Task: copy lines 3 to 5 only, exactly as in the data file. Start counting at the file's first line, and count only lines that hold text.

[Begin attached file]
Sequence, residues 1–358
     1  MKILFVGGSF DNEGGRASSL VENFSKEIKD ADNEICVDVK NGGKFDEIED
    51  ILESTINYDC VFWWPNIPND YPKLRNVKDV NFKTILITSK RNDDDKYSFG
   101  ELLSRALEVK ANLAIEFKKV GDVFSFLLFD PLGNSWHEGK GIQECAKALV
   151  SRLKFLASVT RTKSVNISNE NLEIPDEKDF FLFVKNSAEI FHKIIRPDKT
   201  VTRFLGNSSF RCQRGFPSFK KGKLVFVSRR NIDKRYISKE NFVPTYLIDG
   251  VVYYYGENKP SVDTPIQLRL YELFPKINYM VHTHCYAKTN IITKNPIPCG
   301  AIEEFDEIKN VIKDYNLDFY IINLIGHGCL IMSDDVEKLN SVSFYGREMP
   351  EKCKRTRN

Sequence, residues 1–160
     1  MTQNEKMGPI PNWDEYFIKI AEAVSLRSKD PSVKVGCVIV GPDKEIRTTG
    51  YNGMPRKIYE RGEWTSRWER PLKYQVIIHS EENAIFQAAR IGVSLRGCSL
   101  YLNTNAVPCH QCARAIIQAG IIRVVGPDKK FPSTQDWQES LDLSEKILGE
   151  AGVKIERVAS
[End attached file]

    51  ILESTINYDC VFWWPNIPND YPKLRNVKDV NFKTILITSK RNDDDKYSFG
   101  ELLSRALEVK ANLAIEFKKV GDVFSFLLFD PLGNSWHEGK GIQECAKALV
   151  SRLKFLASVT RTKSVNISNE NLEIPDEKDF FLFVKNSAEI FHKIIRPDKT